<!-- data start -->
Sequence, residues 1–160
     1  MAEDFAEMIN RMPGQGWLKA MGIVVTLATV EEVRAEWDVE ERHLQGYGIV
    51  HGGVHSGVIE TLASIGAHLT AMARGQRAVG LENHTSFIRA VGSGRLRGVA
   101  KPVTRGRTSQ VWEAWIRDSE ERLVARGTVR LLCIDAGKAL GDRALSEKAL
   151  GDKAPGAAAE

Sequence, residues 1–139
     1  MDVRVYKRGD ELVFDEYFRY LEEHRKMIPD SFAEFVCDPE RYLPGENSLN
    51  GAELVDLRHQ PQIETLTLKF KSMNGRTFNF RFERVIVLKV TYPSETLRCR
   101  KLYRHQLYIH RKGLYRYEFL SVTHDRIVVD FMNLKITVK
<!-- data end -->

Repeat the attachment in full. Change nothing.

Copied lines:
Sequence, residues 1–160
     1  MAEDFAEMIN RMPGQGWLKA MGIVVTLATV EEVRAEWDVE ERHLQGYGIV
    51  HGGVHSGVIE TLASIGAHLT AMARGQRAVG LENHTSFIRA VGSGRLRGVA
   101  KPVTRGRTSQ VWEAWIRDSE ERLVARGTVR LLCIDAGKAL GDRALSEKAL
   151  GDKAPGAAAE

Sequence, residues 1–139
     1  MDVRVYKRGD ELVFDEYFRY LEEHRKMIPD SFAEFVCDPE RYLPGENSLN
    51  GAELVDLRHQ PQIETLTLKF KSMNGRTFNF RFERVIVLKV TYPSETLRCR
   101  KLYRHQLYIH RKGLYRYEFL SVTHDRIVVD FMNLKITVK